It does not advance us very far to note that Adams has made elegant, handsomely composed, technically flawless photographs of magnificent natural landscapes, a subject which, like motherhood, is almost beyond reproach. These attributes are surely virtues. For many they are sufficient virtues, and these many need not wonder what the precise difference is between the best of Adams' pictures and uncounted other neat, clean, and dramatic photographs of the glorious American West.

The difference presumably depends from the fact that Adams understands better the character and magnificence of his subject matter, and thus is especially alert to those details, aspects, and moments that are most intensely consonant with the earth's own tonic notes. We must remind ourselves, however, that all we know of Adams' understanding of the earth comes to us not from any direct view into his mind or spirit, but only from photographs, little monochrome substitutes for his ultimately private experience. To the best of our knowledge, he knows no more than he has shown us. As with any artist, his intuitions are finally no better than his prowess.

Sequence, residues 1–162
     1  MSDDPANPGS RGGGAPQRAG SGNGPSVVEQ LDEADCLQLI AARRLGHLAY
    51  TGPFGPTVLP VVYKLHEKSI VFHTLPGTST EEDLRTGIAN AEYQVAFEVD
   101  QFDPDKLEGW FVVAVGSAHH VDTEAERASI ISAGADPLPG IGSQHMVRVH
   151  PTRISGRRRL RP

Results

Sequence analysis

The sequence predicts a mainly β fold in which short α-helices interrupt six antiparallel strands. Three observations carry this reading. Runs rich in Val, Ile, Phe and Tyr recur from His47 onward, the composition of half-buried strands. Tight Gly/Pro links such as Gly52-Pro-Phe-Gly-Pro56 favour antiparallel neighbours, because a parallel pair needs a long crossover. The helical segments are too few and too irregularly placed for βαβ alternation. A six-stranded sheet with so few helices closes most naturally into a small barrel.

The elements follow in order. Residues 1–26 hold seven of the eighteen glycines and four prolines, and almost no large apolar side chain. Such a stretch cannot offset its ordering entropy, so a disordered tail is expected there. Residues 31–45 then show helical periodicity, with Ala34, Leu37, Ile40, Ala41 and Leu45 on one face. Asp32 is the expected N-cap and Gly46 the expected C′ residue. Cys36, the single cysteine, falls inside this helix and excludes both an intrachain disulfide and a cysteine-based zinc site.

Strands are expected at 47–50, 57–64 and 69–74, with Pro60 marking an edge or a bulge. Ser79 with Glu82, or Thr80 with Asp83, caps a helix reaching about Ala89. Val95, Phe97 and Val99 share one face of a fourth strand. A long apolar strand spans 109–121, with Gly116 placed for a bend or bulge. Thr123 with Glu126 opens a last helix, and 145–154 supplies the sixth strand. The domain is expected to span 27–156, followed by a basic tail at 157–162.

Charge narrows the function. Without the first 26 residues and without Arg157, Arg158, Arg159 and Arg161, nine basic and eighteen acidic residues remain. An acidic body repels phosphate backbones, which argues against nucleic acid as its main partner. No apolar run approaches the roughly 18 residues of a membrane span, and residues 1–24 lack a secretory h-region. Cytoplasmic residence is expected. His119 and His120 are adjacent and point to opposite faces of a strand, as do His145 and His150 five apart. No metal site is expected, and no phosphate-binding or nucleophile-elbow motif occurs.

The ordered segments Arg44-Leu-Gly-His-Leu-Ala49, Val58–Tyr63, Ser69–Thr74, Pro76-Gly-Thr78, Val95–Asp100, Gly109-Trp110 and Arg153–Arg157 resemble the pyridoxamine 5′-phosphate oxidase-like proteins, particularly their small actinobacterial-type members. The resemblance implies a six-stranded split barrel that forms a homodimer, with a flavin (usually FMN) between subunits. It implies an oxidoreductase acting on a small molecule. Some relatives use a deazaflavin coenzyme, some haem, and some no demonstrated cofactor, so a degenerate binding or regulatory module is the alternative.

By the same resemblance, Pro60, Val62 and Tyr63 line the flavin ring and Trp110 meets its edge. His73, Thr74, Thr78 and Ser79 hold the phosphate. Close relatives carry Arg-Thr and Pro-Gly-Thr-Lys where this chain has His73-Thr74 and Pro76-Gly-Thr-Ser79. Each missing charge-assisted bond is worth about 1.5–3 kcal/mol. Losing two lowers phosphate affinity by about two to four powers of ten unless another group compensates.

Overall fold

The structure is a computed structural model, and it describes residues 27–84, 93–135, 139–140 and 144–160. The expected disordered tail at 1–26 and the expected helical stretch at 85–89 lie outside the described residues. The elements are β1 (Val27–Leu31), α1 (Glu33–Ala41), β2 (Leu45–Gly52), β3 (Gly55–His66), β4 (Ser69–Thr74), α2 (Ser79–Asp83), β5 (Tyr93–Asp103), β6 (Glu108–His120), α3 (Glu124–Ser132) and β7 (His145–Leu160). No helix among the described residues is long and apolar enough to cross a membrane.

What Adams' pictures show us is different from what we see in any landscape photographer before him. They are concerned, it seems to me, not with the description of objects—the rocks, tress, and water that are the nominal parts of his pictures—but with the description of the light that they modulate, the light that justifies their relationship to each other. In this context it is instructive to compare Adams' photographs with those of his older friend and neighbor Edward Weston, who photographed much of the same country that Adams has photographed, but who found there are very species of picture. The landscape in Weston's pictures is seen as sculpture: round, weighty, and fleshily sensuous. In comparison, Adams' pictures seem as dematerialized as the reflections on still water, or the shadows cast on morning mist: disembodied images concerned not with the corpus of things but with their transient aspect.